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Proc Natl Acad Sci U S A. 2006 Oct 31;103(44):16147-52. Epub 2006 Oct 19.

Functional reconstitution and characterization of Pyrococcus furiosus RNase P.

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  • 1Molecular, Cellular and Developmental Biology Graduate Program, Ohio State Biochemistry Program, Ohio State University, Columbus, OH 43210, USA.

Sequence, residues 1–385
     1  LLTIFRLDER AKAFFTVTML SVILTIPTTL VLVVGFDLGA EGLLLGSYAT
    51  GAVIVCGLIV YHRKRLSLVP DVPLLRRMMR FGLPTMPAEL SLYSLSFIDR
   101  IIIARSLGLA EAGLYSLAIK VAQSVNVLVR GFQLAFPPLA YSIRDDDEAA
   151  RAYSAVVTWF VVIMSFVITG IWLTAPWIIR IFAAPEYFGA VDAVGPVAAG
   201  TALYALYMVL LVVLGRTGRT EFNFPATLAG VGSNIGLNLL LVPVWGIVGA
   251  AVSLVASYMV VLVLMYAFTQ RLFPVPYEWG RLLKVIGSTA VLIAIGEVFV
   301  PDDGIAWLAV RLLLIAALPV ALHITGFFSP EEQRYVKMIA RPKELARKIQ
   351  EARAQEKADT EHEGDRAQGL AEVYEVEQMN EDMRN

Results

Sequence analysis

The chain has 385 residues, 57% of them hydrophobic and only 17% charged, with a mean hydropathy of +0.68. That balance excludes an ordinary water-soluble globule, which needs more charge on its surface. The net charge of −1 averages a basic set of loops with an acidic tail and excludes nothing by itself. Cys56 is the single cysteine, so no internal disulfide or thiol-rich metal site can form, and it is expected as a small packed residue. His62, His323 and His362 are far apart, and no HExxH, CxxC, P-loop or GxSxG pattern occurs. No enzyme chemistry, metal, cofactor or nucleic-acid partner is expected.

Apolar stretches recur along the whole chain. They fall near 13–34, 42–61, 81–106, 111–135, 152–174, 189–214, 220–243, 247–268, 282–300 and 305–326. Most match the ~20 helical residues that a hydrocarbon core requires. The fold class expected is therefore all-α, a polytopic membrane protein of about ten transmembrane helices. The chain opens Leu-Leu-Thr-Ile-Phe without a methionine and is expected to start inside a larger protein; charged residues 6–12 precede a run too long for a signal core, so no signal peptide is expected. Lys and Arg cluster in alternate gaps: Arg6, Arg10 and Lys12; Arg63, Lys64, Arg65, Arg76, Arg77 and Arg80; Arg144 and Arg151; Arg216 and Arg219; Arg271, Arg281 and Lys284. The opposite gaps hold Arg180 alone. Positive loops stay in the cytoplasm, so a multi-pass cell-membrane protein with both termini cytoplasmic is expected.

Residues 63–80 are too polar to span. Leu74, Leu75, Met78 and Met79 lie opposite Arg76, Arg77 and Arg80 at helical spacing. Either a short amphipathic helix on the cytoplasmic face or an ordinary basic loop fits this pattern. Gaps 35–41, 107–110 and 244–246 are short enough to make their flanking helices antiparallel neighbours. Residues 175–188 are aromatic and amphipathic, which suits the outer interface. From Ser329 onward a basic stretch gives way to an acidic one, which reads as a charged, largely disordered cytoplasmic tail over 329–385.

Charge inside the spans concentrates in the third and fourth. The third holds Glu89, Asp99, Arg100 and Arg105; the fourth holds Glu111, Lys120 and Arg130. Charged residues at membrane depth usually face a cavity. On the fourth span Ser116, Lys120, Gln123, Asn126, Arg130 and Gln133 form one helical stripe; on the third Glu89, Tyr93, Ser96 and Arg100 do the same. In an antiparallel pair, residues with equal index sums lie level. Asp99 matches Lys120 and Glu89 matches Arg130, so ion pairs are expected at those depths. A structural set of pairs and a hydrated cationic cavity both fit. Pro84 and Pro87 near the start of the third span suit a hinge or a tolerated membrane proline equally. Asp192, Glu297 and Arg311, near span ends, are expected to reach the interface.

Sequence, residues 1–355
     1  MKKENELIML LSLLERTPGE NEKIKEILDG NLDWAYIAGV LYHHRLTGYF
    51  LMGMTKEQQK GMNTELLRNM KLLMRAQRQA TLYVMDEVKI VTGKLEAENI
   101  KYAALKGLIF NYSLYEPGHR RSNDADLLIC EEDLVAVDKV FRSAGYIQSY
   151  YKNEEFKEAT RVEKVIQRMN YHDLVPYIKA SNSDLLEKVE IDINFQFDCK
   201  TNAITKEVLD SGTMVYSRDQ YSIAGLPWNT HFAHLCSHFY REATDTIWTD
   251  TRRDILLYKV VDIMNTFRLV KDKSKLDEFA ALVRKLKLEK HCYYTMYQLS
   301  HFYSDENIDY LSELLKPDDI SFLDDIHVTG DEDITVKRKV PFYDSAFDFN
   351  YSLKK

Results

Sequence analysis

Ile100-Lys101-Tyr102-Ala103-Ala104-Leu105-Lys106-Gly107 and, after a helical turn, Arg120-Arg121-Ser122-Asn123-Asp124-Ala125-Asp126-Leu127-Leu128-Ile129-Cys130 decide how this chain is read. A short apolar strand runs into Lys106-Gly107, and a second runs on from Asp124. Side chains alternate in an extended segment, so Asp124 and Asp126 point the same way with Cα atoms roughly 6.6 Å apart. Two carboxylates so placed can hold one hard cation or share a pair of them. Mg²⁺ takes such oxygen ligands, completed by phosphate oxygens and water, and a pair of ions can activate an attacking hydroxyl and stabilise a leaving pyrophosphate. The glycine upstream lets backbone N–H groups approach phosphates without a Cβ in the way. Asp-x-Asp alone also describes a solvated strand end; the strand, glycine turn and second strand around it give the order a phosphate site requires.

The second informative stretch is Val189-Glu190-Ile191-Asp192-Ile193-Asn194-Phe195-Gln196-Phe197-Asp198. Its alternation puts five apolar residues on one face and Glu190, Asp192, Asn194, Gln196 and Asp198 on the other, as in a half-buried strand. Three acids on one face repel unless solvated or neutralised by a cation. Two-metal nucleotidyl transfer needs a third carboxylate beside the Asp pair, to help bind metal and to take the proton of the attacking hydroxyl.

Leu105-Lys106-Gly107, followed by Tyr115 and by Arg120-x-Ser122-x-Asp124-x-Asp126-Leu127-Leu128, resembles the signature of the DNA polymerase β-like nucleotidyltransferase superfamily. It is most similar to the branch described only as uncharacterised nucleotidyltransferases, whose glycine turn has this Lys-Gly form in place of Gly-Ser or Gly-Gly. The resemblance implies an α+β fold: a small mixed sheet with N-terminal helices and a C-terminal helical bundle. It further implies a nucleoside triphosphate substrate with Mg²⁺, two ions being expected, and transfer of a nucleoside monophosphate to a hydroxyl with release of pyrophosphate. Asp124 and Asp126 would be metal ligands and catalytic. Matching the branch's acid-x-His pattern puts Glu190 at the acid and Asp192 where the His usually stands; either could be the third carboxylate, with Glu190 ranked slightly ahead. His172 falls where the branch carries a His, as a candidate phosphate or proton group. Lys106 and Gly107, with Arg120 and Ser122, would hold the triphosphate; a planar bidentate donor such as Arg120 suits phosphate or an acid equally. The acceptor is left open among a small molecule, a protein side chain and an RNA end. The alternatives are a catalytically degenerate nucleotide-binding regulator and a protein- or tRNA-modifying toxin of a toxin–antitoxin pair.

RNase P, which catalyzes the magnesium-dependent 5'-end maturation of tRNAs in all three domains of life, is composed of one essential RNA and a varying number of protein subunits depending on the source: at least one in bacteria, four in archaea, and nine in eukarya. To address why multiple protein subunits are needed for archaeal/eukaryal RNase P catalysis, in contrast to their bacterial relative, in vitro reconstitution of these holoenzymes is a prerequisite. Using recombinant subunits, we have reconstituted in vitro the RNase P holoenzyme from the thermophilic archaeon Pyrococcus furiosus (Pfu) and furthered our understanding regarding its functional organization and assembly pathway(s). Whereas Pfu RNase P RNA (RPR) alone is capable of multiple turnover, addition of all four RNase P protein (Rpp) subunits to Pfu RPR results in a 25-fold increase in its k(cat) and a 170-fold decrease in K(m). In fact, even in the presence of only one of two specific pairs of Rpps, the RPR displays activity at lower substrate and magnesium concentrations. Moreover, a pared-down, mini-Pfu RNase P was identified with an RPR deletion mutant. Results from our kinetic and footprinting studies on Pfu RNase P, together with insights from recent structures of bacterial RPRs, provide a framework for appreciating the role of multiple Rpps in archaeal RNase P.

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